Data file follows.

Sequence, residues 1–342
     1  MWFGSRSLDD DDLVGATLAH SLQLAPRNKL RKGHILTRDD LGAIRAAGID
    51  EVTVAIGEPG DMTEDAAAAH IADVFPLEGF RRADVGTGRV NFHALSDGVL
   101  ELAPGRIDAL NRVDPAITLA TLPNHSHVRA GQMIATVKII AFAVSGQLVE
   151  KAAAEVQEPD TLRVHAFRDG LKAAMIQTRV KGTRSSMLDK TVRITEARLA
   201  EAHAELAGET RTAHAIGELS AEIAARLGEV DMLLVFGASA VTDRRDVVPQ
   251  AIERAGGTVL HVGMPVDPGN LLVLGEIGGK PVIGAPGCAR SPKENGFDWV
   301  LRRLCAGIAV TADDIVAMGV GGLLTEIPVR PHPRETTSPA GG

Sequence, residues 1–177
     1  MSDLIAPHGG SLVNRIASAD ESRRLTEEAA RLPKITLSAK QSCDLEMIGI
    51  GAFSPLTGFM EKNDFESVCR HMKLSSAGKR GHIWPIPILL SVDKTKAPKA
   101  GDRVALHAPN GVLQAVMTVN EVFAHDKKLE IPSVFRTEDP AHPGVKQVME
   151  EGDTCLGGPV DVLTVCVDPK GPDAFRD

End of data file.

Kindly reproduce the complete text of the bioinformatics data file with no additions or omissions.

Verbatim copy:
Sequence, residues 1–342
     1  MWFGSRSLDD DDLVGATLAH SLQLAPRNKL RKGHILTRDD LGAIRAAGID
    51  EVTVAIGEPG DMTEDAAAAH IADVFPLEGF RRADVGTGRV NFHALSDGVL
   101  ELAPGRIDAL NRVDPAITLA TLPNHSHVRA GQMIATVKII AFAVSGQLVE
   151  KAAAEVQEPD TLRVHAFRDG LKAAMIQTRV KGTRSSMLDK TVRITEARLA
   201  EAHAELAGET RTAHAIGELS AEIAARLGEV DMLLVFGASA VTDRRDVVPQ
   251  AIERAGGTVL HVGMPVDPGN LLVLGEIGGK PVIGAPGCAR SPKENGFDWV
   301  LRRLCAGIAV TADDIVAMGV GGLLTEIPVR PHPRETTSPA GG

Sequence, residues 1–177
     1  MSDLIAPHGG SLVNRIASAD ESRRLTEEAA RLPKITLSAK QSCDLEMIGI
    51  GAFSPLTGFM EKNDFESVCR HMKLSSAGKR GHIWPIPILL SVDKTKAPKA
   101  GDRVALHAPN GVLQAVMTVN EVFAHDKKLE IPSVFRTEDP AHPGVKQVME
   151  EGDTCLGGPV DVLTVCVDPK GPDAFRD